In the short story Counterparts from Dubliners by James Joyce, how does Farrington get enough money to go drinking and what does this say about him?
What is his reaction to getting money in this way?
Counterparts is one of the short stories from James Joyce's Dubliners. Fairly typical of the stereotypical Irishman of the time, Farrington is obviously a drinking man, having gone down out for a drink earlier in the day, despite having deadlines to meet.
After being humiliated in front of all the staff, accused of being nothing more than an "impertinent ruffian" by his complaining manager, Mr Alleyne, Farrington is desperate to get enough money together to go out drinking with his friends that evening. He is not paying attention to Mr Alleyne's comments nor is he concerned about the missing document pages.
Farrington considers his options in trying to raise the money. There's the cashier who can maybe give him an advance, but that's no use because he can't get him alone and he probably ewouldn't have done so anyway. There's Higgins but he has enough of his own issues. Farrington is so "aching for the comfort of the public-house" that he is distracted and has not been listening to anything really. Whilst fingering his pocket-watch he realizes that he can pawn it at "Terry Kelly's pawn-office."
Upon holding out for six shillings in the pawn office, Farrington is very pleased with himself and, excited to meet his friends in the bar, he is already thinking how he will tell his version of the humiliation he suffered in the office to ensure he looks good. He can already smell the "curling fumes of punch."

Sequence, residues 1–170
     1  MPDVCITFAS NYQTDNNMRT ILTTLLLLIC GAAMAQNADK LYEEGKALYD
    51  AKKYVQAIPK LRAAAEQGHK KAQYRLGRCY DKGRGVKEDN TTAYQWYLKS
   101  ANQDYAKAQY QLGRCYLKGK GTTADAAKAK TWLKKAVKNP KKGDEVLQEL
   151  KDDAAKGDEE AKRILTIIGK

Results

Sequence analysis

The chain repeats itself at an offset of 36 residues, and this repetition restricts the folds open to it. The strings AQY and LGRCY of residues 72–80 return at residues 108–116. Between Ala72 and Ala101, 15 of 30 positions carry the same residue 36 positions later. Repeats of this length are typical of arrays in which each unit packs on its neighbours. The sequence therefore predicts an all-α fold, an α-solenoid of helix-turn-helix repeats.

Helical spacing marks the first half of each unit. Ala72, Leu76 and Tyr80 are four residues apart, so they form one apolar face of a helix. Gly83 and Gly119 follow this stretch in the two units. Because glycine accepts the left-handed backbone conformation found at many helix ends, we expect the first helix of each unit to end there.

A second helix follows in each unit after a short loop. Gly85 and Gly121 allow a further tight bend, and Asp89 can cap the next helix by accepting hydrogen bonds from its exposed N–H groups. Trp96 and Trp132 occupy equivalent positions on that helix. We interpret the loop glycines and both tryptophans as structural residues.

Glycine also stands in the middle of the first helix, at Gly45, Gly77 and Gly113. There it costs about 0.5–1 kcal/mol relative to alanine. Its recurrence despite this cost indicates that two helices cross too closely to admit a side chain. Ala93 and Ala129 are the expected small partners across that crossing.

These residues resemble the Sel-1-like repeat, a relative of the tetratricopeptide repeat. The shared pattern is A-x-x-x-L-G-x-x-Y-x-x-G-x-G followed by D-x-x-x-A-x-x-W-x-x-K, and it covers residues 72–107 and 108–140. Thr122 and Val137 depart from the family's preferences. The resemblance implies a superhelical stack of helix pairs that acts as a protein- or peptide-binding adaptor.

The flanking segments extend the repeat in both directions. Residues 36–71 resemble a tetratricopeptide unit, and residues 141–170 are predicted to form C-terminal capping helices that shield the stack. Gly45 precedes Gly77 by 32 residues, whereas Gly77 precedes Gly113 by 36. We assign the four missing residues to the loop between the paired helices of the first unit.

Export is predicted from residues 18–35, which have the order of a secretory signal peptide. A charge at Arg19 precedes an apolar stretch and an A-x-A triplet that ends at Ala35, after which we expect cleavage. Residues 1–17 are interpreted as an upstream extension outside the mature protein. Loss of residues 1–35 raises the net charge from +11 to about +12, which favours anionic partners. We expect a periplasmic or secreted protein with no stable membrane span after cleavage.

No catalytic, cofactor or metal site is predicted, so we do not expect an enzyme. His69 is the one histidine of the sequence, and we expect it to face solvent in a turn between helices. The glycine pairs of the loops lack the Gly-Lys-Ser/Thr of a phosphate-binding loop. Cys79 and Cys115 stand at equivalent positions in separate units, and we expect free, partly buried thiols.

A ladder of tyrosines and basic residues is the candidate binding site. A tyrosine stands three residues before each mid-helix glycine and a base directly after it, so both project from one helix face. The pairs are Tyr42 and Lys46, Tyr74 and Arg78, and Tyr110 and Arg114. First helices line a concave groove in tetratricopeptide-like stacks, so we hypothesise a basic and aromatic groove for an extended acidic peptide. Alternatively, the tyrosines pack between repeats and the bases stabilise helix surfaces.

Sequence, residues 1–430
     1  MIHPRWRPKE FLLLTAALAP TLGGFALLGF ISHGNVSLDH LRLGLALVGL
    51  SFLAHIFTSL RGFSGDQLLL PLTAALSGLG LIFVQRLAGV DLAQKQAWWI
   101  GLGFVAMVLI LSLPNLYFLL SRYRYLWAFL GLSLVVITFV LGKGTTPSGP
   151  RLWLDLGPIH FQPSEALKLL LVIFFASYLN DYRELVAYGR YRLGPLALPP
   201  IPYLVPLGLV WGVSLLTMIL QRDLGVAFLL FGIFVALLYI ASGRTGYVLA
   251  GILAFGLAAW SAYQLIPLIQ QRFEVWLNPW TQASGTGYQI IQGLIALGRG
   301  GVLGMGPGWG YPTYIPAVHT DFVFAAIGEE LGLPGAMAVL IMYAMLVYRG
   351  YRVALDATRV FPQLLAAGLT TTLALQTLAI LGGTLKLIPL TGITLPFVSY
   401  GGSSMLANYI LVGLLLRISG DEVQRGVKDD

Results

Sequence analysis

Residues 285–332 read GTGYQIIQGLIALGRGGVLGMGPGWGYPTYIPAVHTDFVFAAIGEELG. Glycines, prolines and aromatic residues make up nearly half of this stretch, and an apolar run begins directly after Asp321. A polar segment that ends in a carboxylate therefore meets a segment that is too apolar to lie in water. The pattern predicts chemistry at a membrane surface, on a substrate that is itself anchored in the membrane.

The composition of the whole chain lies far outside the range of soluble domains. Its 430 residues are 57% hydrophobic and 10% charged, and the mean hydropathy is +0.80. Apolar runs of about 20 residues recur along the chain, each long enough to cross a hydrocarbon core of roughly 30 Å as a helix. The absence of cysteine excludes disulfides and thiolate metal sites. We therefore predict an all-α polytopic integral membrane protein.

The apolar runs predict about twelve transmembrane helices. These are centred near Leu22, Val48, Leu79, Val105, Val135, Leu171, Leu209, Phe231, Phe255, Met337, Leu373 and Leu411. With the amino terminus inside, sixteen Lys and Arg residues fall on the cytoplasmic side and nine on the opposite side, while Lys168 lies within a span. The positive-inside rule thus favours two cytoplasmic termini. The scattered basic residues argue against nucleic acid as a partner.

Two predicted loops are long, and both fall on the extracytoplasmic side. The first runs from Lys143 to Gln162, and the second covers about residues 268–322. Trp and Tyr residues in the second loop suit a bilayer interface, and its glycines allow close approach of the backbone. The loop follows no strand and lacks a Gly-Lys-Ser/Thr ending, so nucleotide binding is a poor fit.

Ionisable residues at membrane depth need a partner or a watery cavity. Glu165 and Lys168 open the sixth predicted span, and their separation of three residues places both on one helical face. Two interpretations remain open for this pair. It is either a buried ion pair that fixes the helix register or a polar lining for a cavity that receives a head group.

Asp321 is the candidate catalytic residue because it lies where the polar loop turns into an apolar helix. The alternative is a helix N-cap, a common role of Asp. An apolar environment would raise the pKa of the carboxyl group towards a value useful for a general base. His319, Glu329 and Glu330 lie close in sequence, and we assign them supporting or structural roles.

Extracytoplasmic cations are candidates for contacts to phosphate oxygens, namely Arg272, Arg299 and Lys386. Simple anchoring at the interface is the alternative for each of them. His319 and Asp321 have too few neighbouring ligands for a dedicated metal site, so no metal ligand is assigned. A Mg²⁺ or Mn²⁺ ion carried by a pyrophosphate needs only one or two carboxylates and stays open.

Pawning his pocket-watch reveals his attitude. He has no dedication to his work. He has never considered that Mr Alleyne may complain less if he actually did his work. " All the indignities of his life enraged him" and the fact that all that he can think about is drinking shows that he would rather just forget his mundane life with no career prospects as he is powerless to change it. He has no opportunities due to his lower social class and is frowned upon by Mr Alleyne who thinks he is better than him. The answer then is drink and violence.
The irony of Farrington's situation is that, when he gets home, he will exert his power over his son and beat him which reveals the similarity between Farrington and Alleyne. Having been completely dis-empowered by Alleyne, Farrington repeats and so perpetuates the cycle of control and humiliation over others which, for him, ultimately, results in violence.